Written by Hamish Douglass, Chairman and Chief Investment Officer, Magellan Financial Group.
Insights gathered from years of investing include thoughts on how to find the right investments, how to let investments work for you, risk management and the best temperament to have when investing.
“Your goal as an investor should be simply to purchase, at a rational price, a part interest in an easily understandable business whose earnings are virtually certain to be materially higher five, 10 and 20 years from now. Over time, you will find only a few companies that meet these standards.” — Warren Buffett
While Buffett might make investing sound easy, few people achieve outstanding investment records over the long term as he has. The following sets out some of my reflections gained over the years.
These 13 reflections are organised into four topics:
Finding the right investments, letting your investments work for you, risk, and the temperament to learn from mistakes. You can be assured that this list is not definitive. Each day has moments of learning.
Finding the right investments
1. Standing on the shoulders of giants
“If I have seen further than others, it is by standing on the shoulders of giants.”Sir Isaac Newton
At Magellan, we believe in benefiting from the knowledge imparted by the best. Our investment philosophy has been influenced by some of the legends of the investment world: Benjamin Graham (The Intelligent Investor, in which he highlighted the importance of thinking of stocks as businesses, the concept that the stock market is a voting machine in the short term and a weighing machine in the longer term, and incorporating a margin of safety); Phil Fisher (Common Stocks and Uncommon Profits and Other Writings, where he highlighted the importance of investing in quality companies with superior returns on capital) and Buffett and Charlie Munger who brought these concepts together.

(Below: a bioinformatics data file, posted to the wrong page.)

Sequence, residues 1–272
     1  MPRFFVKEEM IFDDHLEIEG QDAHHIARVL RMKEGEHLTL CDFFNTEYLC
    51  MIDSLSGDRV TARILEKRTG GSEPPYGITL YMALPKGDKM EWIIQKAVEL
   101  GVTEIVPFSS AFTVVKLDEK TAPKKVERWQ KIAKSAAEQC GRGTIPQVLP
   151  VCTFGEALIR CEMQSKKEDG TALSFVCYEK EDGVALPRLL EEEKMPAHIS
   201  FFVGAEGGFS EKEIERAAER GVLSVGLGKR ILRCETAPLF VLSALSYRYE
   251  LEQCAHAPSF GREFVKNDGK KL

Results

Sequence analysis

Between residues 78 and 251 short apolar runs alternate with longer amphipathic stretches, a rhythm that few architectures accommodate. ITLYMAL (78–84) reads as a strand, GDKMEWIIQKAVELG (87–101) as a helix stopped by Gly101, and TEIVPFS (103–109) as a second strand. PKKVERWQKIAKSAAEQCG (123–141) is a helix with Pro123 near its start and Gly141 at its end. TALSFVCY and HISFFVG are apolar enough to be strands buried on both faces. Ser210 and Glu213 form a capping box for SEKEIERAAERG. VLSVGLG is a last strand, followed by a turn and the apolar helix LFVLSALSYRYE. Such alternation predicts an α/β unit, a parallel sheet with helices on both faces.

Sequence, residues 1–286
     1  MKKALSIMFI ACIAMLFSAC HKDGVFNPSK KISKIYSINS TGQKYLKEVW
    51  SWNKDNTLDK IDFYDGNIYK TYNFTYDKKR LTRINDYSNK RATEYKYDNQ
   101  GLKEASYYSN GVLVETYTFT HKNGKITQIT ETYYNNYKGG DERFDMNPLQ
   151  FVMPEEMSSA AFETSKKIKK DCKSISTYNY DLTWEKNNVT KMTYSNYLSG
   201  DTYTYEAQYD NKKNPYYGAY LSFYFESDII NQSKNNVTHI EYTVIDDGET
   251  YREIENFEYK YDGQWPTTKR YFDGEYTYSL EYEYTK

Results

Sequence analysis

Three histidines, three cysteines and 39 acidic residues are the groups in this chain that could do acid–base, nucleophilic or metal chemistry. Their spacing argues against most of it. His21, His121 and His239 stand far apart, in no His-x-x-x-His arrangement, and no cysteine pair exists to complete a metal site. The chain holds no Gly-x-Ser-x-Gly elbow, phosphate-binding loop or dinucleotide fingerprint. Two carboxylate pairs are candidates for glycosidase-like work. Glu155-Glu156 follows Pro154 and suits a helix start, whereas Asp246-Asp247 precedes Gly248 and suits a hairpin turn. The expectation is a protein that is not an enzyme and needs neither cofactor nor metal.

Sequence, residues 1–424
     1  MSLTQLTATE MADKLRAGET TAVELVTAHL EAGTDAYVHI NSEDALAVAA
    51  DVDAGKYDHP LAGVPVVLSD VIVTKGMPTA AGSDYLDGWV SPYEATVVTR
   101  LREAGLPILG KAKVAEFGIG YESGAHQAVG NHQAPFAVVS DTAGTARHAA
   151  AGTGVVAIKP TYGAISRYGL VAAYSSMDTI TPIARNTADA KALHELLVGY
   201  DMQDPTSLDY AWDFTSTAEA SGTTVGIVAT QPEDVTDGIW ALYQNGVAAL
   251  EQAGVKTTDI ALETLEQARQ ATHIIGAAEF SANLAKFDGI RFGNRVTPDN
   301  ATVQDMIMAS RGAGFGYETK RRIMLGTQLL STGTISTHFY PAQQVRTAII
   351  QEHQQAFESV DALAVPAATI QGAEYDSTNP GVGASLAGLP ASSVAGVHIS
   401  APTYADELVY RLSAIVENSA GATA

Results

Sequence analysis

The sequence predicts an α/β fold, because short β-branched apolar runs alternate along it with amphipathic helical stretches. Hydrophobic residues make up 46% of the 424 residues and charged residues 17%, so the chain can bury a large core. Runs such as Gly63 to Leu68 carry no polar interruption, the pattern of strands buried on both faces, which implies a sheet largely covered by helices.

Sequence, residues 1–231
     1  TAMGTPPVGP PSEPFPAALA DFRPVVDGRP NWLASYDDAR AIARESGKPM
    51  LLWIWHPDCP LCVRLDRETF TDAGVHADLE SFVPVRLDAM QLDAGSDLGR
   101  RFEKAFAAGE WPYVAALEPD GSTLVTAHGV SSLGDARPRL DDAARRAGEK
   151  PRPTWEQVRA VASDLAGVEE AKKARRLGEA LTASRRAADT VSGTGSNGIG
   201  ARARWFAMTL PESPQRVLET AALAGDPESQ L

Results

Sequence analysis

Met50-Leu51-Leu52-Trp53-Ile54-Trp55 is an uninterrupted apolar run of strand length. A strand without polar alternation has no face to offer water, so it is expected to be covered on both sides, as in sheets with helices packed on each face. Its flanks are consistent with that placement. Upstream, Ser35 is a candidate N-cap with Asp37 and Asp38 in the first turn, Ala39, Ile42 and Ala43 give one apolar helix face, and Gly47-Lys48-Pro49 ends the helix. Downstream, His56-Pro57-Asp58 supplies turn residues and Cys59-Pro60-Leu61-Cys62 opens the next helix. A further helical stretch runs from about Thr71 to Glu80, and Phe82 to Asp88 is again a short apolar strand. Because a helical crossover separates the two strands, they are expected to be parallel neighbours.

From such insights, we have developed an investment philosophy that at its core is about investing in a concentrated portfolio of the world’s best businesses purchased at attractive prices. The returns such a portfolio earns over time reflect the underlying returns on capital, growth prospects, competitive advantages and management capabilities of these outstanding businesses.
Our portfolio-construction process can be likened to a process for picking a sports team that can win a grand final. We find no appeal in picking a team of ‘B-grade’ players when we can scour the world for a team of ‘A-grade’ players. Unlike the coaches of many sporting teams, we have no salary cap to handicap us as we assemble fractional interests in the best team of outstanding companies at the most attractive prices.
If our investment returns have been better than others it is in large part due to the fact that we are standing on the shoulders of giants. Investing in a portfolio of outstanding businesses at appropriate prices produces superior outcomes and is more reliable over the longer term than any other investment approach we know. Critically, having a portfolio of outstanding companies is a huge advantage in times of adversity because it lowers the risk of large capital loss. As Buffett says: “To finish first you must first finish.”